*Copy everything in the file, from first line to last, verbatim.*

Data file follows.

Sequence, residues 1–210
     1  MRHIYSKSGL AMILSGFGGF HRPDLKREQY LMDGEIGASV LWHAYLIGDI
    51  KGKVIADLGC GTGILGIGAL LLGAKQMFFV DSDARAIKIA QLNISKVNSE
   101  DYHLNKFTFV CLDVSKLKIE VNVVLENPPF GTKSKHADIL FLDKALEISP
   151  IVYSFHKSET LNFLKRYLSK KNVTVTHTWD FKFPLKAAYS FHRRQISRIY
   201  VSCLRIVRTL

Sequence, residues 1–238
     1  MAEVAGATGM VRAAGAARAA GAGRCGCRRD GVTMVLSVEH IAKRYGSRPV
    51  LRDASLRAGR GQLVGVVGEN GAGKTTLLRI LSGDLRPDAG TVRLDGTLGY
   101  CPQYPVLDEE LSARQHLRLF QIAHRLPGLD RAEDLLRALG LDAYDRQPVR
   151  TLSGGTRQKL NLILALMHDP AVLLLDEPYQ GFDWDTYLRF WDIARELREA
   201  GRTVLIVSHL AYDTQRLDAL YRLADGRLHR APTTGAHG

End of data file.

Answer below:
Sequence, residues 1–210
     1  MRHIYSKSGL AMILSGFGGF HRPDLKREQY LMDGEIGASV LWHAYLIGDI
    51  KGKVIADLGC GTGILGIGAL LLGAKQMFFV DSDARAIKIA QLNISKVNSE
   101  DYHLNKFTFV CLDVSKLKIE VNVVLENPPF GTKSKHADIL FLDKALEISP
   151  IVYSFHKSET LNFLKRYLSK KNVTVTHTWD FKFPLKAAYS FHRRQISRIY
   201  VSCLRIVRTL

Sequence, residues 1–238
     1  MAEVAGATGM VRAAGAARAA GAGRCGCRRD GVTMVLSVEH IAKRYGSRPV
    51  LRDASLRAGR GQLVGVVGEN GAGKTTLLRI LSGDLRPDAG TVRLDGTLGY
   101  CPQYPVLDEE LSARQHLRLF QIAHRLPGLD RAEDLLRALG LDAYDRQPVR
   151  TLSGGTRQKL NLILALMHDP AVLLLDEPYQ GFDWDTYLRF WDIARELREA
   201  GRTVLIVSHL AYDTQRLDAL YRLADGRLHR APTTGAHG